My major challenge is time. I would love to do more, I’d love to do an MSc in play therapy and a couple of other therapeutic techniques I’ve come across in Europe but that gets put on hold as I focus on my own family and business.
Can you share an anecdote about how mental health consultation works?
I think that education, understanding and connection are the three keys to giving a child the best start in life. Led by that, SensoBaby provides classes in the community for parents and caregivers to connect with their infants.
We offer workshops on parenting and play to foster understanding of child development and wellbeing and we are available to troubleshoot specific problems an individual or agency has with the young children in their care or the systems they have in place. When it comes to individual parents, mostly what they need is to feel heard, supported and guided in their parenting choices.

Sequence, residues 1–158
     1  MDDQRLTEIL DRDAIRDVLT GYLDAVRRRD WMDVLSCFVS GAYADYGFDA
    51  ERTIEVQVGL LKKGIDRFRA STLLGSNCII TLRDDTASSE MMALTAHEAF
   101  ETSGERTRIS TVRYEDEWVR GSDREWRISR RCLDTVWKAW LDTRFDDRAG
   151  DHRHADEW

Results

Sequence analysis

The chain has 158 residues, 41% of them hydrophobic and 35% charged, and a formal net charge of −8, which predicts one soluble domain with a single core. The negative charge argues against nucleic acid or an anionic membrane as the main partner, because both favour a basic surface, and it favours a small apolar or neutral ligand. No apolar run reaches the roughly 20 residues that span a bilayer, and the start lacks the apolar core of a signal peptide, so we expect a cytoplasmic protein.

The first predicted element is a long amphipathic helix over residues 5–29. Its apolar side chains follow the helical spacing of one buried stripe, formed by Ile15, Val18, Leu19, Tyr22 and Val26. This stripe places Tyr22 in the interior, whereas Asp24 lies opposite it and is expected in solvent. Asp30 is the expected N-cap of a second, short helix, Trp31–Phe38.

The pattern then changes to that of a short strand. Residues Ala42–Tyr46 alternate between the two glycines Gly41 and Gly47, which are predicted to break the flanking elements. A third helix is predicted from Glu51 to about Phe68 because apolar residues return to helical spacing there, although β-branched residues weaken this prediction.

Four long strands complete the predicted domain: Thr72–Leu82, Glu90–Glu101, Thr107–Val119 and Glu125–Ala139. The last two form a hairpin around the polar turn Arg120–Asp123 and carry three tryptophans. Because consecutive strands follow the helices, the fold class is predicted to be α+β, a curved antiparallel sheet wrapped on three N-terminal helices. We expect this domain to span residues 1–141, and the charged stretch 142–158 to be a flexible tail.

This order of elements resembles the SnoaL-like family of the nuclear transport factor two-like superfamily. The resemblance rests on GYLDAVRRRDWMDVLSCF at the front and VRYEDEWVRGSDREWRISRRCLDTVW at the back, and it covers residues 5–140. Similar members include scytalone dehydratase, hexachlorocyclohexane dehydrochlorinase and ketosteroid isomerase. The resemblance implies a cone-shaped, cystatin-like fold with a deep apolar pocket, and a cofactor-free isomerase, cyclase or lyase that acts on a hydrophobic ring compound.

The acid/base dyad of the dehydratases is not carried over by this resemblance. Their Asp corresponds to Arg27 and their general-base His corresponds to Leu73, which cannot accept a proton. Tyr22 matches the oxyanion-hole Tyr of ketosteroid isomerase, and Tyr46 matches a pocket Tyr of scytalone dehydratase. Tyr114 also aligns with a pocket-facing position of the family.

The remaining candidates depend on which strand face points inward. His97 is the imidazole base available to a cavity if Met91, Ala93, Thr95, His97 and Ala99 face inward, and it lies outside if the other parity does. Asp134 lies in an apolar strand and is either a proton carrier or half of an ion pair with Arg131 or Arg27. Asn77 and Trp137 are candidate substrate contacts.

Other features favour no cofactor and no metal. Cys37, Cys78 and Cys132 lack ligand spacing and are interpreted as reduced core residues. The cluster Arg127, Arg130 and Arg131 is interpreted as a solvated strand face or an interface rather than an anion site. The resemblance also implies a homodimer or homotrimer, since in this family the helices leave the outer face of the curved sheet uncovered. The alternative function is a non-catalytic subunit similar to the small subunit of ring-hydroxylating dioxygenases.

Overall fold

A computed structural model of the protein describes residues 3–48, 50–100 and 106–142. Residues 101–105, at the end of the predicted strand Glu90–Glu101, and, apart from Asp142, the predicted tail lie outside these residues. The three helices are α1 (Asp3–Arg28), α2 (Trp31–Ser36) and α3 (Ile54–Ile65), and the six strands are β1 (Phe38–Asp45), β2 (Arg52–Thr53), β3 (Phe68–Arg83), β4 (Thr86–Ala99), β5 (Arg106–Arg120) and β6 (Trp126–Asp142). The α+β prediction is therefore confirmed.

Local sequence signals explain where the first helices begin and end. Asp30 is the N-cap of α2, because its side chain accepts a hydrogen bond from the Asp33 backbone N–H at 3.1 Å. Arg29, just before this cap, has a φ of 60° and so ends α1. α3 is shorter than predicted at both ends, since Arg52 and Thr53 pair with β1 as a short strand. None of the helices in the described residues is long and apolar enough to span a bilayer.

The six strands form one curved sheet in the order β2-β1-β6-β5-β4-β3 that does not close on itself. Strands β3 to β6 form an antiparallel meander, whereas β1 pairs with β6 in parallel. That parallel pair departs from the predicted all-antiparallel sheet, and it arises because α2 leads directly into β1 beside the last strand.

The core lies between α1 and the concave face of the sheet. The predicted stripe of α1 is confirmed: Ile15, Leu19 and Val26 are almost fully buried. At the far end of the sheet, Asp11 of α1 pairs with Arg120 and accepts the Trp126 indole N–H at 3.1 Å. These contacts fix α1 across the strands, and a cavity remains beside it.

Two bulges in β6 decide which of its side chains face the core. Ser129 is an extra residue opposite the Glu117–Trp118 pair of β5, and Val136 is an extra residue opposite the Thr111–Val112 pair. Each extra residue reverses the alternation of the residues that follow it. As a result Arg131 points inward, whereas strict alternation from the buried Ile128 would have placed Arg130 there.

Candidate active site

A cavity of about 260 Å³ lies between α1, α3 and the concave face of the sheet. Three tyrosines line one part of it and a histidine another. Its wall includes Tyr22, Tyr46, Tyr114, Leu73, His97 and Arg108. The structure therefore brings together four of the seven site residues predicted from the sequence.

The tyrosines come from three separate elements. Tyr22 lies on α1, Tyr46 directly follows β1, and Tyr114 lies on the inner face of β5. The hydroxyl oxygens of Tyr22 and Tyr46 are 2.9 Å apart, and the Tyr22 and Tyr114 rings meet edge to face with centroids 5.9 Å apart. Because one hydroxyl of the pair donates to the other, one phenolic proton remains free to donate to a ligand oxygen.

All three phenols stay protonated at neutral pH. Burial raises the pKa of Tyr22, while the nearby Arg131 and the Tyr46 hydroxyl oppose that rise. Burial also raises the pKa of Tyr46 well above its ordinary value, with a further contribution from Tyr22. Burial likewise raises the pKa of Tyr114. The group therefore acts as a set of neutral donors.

You can read all the baby books in the world but they won’t give you the answers you need for your child, through responsive parenting and connection, you’ll find you have the solutions you need.
What advice do you have for child-care providers or early childhood teachers who are at their wits’ end over a child’s challenging behaviour but don’t have access to a consultant?
Empathy is an important and undervalued skill – the ability to consider another’s viewpoint. What is that child feeling? Their behaviour might be challenging and hard to deal with but often the root cause is an unmet need. There’s a famous quote from an American Clinical Psychologist, “The children who need love the most, will ask for it in the most unloving ways.”